Arizona's Teacher Shortage Means Schools Must Get Creative
Janeth Lopez is starting the day with her third-graders at Acacia Elementary School in Phoenix. Her students are working on fractions this morning, very quietly.
“I love how silent we are this morning," she told her students. "We’re following expectations early in the morning.”
Lopez has about 25 students in her class — and really, she’s a student, too. She’s a student-teacher in her senior year at Arizona State University. Kim Haus is her mentor, an Acacia Elementary veteran of nearly three decades.
“A lot of students that I have currently, I had their parents or siblings," she said. "So I really, I know these kids inside and out.”
Haus is there to help Lopez and one other paid student-teacher prepare for a career in education.
The mentor program is good for Lopez because it means she won’t be surprised in her first solo year. But it’s really good for schools like Acacia Elementary — where a statewide teacher shortage has left its mark.
Acacia Elementary is just one of more than 30 schools in the Washington Elementary School District. That means Principal Christine Hollingsworth is competing even within her own district to find and keep teachers. The student-teacher model gives her other options. But the bottom line is finding teachers today is a lot harder today than it was 17 years ago.
“When I wanted to hire a teacher, I could go onto our job site and look for, say, a first grade teacher and have 200 names pop up. Now, I’m lucky if I have five pop up," she said.
About 200 districts across Arizona started this school year with more than 1,800 teaching positions vacant. Nearly 4,000 positions have been filled by long-term substitutes, people with emergency teaching certificates, international teachers and student-teachers like Lopez.
And while she’s in it to see students succeed, Lopez says recent movements, like Red for Ed in 2018, have raised concerning issues. Issues like low pay.
“Teachers do deserve more for their work," she said. "You’ll have teachers who come in early in the morning and stay late at night, and it is fair to ask for a salary that reflects that.”
It’s not all about salary for Lopez, but it doesn’t hurt that she is being paid — others in the program are not.
Hollingsworth says the experience alone is invaluable.
“Give the teachers the foundation that they need because education is not the same, and it is difficult," she said. "The teachers need a lot of support nowadays, and this program gives them, ultimately, all that support.”
The student-teacher model is one way the state has tried to recruit people into the profession.
Republican Gov. Doug Ducey celebrated progress the state has made in terms of teacher prep during his State of the State address in January.
“There’s still work to do to address the teacher shortage, but a recent study by the Center for American Progress is encouraging," Ducey told lawmakers and officials during his speech. "Arizona has experienced the second-highest growth in new teachers enrolling in teacher preparation programs. We’re actually one of only five states out of 50 seeing an increase in enrollment. And this is news we can all celebrate, because the state of our state can only be strong with strong public schools.”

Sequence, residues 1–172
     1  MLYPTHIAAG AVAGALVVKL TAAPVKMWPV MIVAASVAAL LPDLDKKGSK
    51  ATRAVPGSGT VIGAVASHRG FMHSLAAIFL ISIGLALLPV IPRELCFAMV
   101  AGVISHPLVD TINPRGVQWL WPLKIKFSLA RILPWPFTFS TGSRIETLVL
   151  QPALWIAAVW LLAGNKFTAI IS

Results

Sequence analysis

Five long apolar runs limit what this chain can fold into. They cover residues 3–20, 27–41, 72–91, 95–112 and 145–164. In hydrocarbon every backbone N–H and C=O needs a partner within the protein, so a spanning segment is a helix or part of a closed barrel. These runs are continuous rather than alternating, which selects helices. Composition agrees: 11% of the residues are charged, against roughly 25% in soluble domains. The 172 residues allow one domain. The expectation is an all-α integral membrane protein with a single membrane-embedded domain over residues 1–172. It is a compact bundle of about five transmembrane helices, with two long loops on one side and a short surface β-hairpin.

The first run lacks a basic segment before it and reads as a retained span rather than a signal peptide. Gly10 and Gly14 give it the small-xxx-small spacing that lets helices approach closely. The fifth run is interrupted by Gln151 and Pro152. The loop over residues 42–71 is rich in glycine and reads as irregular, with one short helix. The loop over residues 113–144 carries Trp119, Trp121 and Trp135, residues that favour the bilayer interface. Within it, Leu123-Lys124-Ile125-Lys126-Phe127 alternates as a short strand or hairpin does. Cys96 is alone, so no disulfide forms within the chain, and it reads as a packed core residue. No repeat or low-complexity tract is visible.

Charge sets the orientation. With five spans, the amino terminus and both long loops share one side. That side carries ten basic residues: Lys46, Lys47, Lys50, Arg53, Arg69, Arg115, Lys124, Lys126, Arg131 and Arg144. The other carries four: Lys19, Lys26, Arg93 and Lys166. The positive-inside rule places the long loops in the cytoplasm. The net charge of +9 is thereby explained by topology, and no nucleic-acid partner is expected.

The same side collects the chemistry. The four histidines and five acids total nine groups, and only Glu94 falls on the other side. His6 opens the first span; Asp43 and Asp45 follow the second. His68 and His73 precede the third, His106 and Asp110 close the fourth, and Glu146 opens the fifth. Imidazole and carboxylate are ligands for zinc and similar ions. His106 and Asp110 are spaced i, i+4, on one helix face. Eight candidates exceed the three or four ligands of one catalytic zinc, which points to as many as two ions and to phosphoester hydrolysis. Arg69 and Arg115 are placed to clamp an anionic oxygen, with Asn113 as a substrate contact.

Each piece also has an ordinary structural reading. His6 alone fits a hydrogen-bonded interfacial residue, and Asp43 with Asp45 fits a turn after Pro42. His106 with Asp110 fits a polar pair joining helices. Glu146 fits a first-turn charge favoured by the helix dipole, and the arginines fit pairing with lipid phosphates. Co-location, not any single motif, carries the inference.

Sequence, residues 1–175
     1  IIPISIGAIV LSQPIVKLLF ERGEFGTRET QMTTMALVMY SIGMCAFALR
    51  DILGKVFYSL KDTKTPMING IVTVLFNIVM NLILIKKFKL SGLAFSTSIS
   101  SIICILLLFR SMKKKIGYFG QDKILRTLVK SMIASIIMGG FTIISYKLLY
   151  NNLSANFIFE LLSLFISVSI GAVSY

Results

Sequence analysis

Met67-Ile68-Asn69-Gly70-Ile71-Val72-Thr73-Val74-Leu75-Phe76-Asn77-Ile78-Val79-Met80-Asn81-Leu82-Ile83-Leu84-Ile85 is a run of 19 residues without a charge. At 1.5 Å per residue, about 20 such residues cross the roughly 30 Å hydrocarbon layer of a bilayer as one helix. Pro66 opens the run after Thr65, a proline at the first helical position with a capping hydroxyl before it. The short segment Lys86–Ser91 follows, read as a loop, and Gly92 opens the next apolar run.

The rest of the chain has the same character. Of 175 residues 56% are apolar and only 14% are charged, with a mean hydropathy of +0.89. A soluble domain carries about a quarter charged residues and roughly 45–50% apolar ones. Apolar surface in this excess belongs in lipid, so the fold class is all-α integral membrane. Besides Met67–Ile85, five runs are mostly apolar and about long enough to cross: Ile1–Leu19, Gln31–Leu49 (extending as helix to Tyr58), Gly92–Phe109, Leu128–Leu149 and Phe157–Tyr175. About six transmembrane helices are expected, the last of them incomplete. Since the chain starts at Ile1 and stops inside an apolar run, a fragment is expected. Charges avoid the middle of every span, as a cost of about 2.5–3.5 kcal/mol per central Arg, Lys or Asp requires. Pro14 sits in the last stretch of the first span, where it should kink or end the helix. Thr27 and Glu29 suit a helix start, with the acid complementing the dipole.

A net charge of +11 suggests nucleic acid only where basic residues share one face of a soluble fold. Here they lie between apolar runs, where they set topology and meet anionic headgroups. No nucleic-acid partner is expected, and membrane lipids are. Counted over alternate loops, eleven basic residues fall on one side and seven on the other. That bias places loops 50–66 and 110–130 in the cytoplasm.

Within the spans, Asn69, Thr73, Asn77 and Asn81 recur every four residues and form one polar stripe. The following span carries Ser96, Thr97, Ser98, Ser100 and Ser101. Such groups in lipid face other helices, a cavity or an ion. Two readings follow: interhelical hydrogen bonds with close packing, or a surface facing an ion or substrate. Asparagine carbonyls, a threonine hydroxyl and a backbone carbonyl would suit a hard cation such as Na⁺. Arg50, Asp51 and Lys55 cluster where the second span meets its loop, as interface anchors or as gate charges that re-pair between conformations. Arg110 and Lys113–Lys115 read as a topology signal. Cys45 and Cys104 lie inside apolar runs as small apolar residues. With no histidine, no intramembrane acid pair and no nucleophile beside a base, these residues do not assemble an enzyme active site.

But his critics aren’t convinced that the state’s efforts have been enough to recruit and retain teachers for the long term.
And public school advocates are getting ready for another fight at the ballot with a proposal to raise taxes on the wealthiest Arizonans.
“All of the plans and the ideas that we see that come out of the Legislature are always a little bit too little and a little bit too late," said Joe Thomas, president of the Arizona Education Association, which is supporting the revived Invest in Education Act.
For the second time since 2018, public school advocates are pushing a ballot measure to add a 3.5% surcharge to any income above $250,000 annually for individuals and above $500,000 annually for couples who file taxes jointly. They say it would generate about $940 million a year — all for K-12 public schools.
The tax measure’s ballot language was disqualified in 2018, and it remains to be seen if its backers this year can get enough signatures to put it in front of voters in November. If they do, they can expect opposition from Republicans, including Ducey.
He made this promise during the State of the State to raucous applause: “No new taxes. Not this session, not next session, not here in this chamber, not at the ballot box, not on my watch.”
But Thomas said Ducey and lawmakers haven't done enough to solve the problem themselves.
"We do not have competitive salaries, we cannot keep our classrooms with a classroom teacher in them."
— Joe Thomas, Arizona Education Association
“We do not have competitive salaries, we cannot keep our classrooms with a classroom teacher in them," he said. “And the Legislature and the governor just simply do a little bit on the margin. But as long as we have 1,800 classrooms without a certified, qualified teacher, we know there’s still more work to be done.”
In 2018, Thomas marched with tens of thousands in support of a statewide teacher’s strike sparked, in part, because of low pay. Arizona has been in the bottom tier among states for median teacher pay since at least 2016.
That makes neighboring states like California, New Mexico and Utah look awfully attractive, says Anabel Aportela, a director of research with the Arizona School Boards Association.
“It’s relatively easy for teachers to simply move over a state and get much higher pay," she said. "So, we’re kind of a perfect storm.”